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Waiting for Godot
So why did Tim Tszyu not accede to Michael Zerafa’s request and just postpone the fight?
In an exclusive interview with the Herald, Zerafa said he was desperate to face Tszyu and only wanted the event put back a few weeks, a move that would allow his team to safely travel to Newcastle without fear of a potential quarantine upon its return to Melbourne.
“I haven’t lost faith,” Zerafa said. “I really want to hurt him this time, to knock him out and make a statement.
“We know we can do it but unfortunately his team don’t want to comply and think COVID is just a joke.
“We want to see it happen; my team is pushing for the fight.”
However, Team Tszyu believes a postponement could have scuppered their chances of a world title shot. Furthermore, they were sceptical over whether Zerafa would actually show even if his demands were met. Tszyu figured waiting for Zerafa was like waiting for Godot.
Michael Zerafa was a no-showCredit:Nine
For the full story on why Zerafa was bypassed, check out the article I wrote for today’s edition of the Herald ...
Well that didn’t last long …
Sam Ah See has made very short work of Czar Amonsot. Ah See hasn’t been in the ring for six years, but was keen to make up for lost time, earning a first-round stoppage.
After having his fist raised in victory, he called out Steve Spark when asked about future opponents.
Couldn’t pick a winner …
One of the first main undercard fights has just finished. Australian Linn Sandstrom took on Natalie Gonzales in a bout for the vacant ANBF Australasian super flyweight title that went the entire six rounds.
It was a tough fight to score … so tough that the judges couldn’t separate them, the result a split draw.
Next up … Sam Ah See takes on Czar Amonsot in a welterweight battle scheduled for eight rounds.
Who is Stevie Spark?
Steve Spark has been punching away in relative anonymity, compiling an impressive 12-1 record as a professional. Significantly, all but one of those wins have come via knockout, suggesting he has the power to stun Tszyu if he connects.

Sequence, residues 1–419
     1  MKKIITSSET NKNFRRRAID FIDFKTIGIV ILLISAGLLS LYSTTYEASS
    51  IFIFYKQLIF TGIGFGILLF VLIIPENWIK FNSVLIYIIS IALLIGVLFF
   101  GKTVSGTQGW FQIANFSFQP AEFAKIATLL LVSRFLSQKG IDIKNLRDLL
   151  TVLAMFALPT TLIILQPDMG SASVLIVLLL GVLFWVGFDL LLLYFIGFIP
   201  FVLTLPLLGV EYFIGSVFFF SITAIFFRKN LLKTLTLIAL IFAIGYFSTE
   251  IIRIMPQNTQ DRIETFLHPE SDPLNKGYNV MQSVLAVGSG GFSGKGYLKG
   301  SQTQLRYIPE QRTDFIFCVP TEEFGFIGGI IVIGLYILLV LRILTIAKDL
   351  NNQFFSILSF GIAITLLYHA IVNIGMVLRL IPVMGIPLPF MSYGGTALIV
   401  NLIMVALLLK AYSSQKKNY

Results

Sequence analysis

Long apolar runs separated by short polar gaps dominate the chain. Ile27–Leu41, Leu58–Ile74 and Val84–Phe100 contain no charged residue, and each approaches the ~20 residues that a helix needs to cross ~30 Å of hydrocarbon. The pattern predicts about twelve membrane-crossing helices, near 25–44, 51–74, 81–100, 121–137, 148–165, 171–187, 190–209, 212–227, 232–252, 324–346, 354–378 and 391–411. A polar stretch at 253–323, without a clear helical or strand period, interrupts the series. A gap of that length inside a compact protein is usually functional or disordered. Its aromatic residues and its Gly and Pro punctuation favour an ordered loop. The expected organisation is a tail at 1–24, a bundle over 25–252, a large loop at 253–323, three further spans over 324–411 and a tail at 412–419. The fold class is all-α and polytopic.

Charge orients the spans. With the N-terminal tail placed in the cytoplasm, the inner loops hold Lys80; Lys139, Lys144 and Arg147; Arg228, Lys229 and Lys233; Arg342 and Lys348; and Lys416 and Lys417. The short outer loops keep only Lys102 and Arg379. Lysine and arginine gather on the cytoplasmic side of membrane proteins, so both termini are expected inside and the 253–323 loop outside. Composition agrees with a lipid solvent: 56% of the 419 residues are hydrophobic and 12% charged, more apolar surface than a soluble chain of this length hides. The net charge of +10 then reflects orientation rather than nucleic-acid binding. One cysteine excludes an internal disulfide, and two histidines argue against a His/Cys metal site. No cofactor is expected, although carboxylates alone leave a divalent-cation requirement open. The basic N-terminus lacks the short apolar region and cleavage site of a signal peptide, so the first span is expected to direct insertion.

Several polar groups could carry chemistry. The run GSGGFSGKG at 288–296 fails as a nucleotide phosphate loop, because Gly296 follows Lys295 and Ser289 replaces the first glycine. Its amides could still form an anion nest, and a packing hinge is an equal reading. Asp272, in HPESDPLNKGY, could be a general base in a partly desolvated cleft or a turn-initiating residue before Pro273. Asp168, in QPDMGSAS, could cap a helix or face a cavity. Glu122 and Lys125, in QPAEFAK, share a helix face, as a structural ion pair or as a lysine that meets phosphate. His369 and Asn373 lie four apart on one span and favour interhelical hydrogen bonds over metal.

Ironically, it was the one fight that went the distance that put Spark on the map. The Toowoomba product defeated Jack Brubaker in a wildly entertaining affair on the undercard of Paul Gallen’s last fight.
Tim Tszyu weighs in alongside Steve Spark in Newcastle on Tuesday.Credit:Shane Myers
Tszyu, who had previously beaten Brubaker, sat ringside and was suitably impressed. So when Zerafa pulled out, Brubaker got the call that has the potential to change his life.
“This is my golden ticket, my Cinderella moment,” Spark said.
“If I can go out and dethrone the face of Australian boxing, I can set my life up, my family up.”
Spark is well-spoken, doesn’t engage in the usual trash talk and has won plenty of supporters since accepting the Tszyu challenge. But this is a huge step up in class for the 24 year old, against a man seemingly on course for a world title shot.
Welcome to the Tim Tszyu-Steve Spark fight blog
Good evening fight fans!
It’s been perhaps the most unusual build up to a fight I’ve covered (which is saying something considering the number of Anthony Mundine bouts I’ve reported on), but we have finally arrived at fight night.
Tonight’s main event is Tim Tszyu up against a man many of us hadn’t heard of a week ago, Steve Spark. This was of course scheduled to be the anticipated bout between Tszyu and Michael Zerafa, a showdown which has been at least three years in the making. However, Zerafa pulled out just a week before the event, citing health concerns related to the coronavirus hotspots.
Tim Tszyu and Steve Spark are ready to rumble,Credit:Shane Myers.
Rather than postpone or cancel the show, Tszyu’s promoters sought an alternate opponent. Spark was pulling beers in his other job this time last week when he got the phone call that catapulted him into an unexpected clash with the face of Australian boxing.
Spark has stepped up two weight divisions on short notice and now has the chance to pull off one of the biggest sporting upsets of the year.
We’ll bring you all the news, gossip and blow-by-blow action from a stacked card of boxing.
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